Tenner Week Feb 2020: Day 4: Debts (or assets)

Tenner Week Feb 2020 Day 4

We’ve made it to Thursday! How’s your budget going? Today’s activity is all about debts, and keeping an eye on your borrowing. (If you don’t have any debts then scroll down to the bottom of the page for an alternative activity about assets).

The last week of February is one of the most common times of the year for people to realise that they’re struggling with debts, so now’s a good time to have a look at your own personal situation. Do you have any post-Christmas fallout, or is it pretty much under control? This exercise can be useful either way.

How to check though your debts

  • Collect all your borrowing information together, including overdrafts, credit cards, short or long term loans, store cards and the newer buy-now-pay-later services if you use those.
  • Exclude your mortgage and student loans from this roundup.
  • Note down how much you owe to each creditor, and how much interest they’re charging you, plus any additional fees.
  • Make sure you know the APR (annual percentage rate) every bit of borrowing.
  • Compare your monthly outgoings on your debt repayments to your total monthly income. Does it take up a large amount of your take home pay? Are you struggling to make the minimum repayments each month or are you okay?
  • Do you have any missed payments? If so, contact the lender today to make up the missed payment or to tell them if you are struggling – they tend to be more flexible with people who keep in contact with them.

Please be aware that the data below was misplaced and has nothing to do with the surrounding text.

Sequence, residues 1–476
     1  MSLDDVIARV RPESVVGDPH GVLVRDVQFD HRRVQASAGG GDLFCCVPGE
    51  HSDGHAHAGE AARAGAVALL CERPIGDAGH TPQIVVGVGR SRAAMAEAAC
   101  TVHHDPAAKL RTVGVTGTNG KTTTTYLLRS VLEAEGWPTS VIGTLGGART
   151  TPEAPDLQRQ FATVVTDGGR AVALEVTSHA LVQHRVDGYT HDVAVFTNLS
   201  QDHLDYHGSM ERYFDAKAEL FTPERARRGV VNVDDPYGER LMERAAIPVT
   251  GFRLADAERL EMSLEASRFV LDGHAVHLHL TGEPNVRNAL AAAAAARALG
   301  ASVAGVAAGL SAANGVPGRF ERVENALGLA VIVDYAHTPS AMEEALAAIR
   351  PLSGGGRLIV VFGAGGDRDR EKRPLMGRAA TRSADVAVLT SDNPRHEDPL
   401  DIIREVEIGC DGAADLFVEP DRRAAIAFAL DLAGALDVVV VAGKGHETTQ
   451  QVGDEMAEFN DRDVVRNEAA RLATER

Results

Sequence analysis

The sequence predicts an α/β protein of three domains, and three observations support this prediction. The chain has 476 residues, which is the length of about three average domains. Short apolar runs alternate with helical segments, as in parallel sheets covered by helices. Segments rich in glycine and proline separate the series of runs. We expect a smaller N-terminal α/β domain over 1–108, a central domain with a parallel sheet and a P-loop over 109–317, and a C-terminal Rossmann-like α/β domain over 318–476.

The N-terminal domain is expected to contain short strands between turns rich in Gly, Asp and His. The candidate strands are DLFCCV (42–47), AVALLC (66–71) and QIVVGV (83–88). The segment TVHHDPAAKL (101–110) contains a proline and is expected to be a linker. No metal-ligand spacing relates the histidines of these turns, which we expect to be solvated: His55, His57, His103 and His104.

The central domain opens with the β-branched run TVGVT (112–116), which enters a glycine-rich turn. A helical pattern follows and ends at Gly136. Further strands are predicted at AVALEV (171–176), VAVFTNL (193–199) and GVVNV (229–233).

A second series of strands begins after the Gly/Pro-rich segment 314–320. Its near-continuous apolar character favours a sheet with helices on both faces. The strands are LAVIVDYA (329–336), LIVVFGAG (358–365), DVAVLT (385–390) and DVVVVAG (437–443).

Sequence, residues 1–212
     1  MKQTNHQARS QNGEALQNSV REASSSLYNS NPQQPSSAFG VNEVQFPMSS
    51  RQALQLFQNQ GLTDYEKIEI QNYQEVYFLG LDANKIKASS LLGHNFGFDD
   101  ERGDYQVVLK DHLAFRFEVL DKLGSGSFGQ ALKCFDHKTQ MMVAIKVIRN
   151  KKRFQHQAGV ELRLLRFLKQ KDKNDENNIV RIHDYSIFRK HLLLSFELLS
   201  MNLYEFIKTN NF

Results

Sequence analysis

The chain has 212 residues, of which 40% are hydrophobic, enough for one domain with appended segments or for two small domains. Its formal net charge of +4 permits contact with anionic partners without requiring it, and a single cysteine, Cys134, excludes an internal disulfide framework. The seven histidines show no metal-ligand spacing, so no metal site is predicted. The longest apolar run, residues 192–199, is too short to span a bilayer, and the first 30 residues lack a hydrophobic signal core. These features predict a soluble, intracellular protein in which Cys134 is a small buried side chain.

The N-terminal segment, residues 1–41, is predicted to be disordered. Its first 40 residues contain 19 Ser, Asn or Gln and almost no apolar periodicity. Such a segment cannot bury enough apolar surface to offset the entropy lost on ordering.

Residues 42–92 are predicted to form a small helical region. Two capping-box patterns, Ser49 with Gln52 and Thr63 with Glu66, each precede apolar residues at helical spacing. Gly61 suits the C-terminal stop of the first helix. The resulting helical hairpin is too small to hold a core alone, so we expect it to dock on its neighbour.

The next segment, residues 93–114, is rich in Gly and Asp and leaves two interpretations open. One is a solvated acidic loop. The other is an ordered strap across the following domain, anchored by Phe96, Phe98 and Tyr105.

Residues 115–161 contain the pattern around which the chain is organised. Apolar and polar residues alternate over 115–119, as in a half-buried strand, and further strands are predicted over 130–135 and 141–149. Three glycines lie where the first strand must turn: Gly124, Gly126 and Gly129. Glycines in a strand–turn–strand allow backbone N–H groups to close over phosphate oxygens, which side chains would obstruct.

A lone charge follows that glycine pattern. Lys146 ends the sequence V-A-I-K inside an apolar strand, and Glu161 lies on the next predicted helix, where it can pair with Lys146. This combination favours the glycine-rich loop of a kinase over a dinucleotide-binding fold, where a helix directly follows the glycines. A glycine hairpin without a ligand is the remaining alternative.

• If your debts are seriously worrying you, contact a non profit organisation such as StepChange debt charity or Citizens Advice for help and information. They can help you work out a realistic repayment plan and deal with your creditors.
  • See whether you can change any high interest borrowing to a lower interest or interest free product.
  • If at all possible, do not do any further borrowing on your credit cards, overdraft or short term loans.
  • Re-draw your household budget to allocate more to debt repayments if you can.
  • If you have any easy access cash savings, use at least some of them to pay off your debts faster.

No debts? Great! Try this:

  • Have a look through your savings, investments, and financial products.
  • Make a note of how much you have saved up or paid in.
  • Look at the interest it’s earning, how well investments are performing, and whether it’s tax efficient (such as in an ISA wrapper).
  • Is it all going in the right direction? How is the rest of the market looking? Could you be earning more interest in a different savings account, for example?
  • Decide whether you want to meet with an independent financial adviser to discuss your finances.
  • Think about your short term and long term goals and plans. Have they changed since the last time you thought about them?


That should give you plenty to be getting on with today, and then to change the pace tomorrow is going to be more lighthearted and fun.


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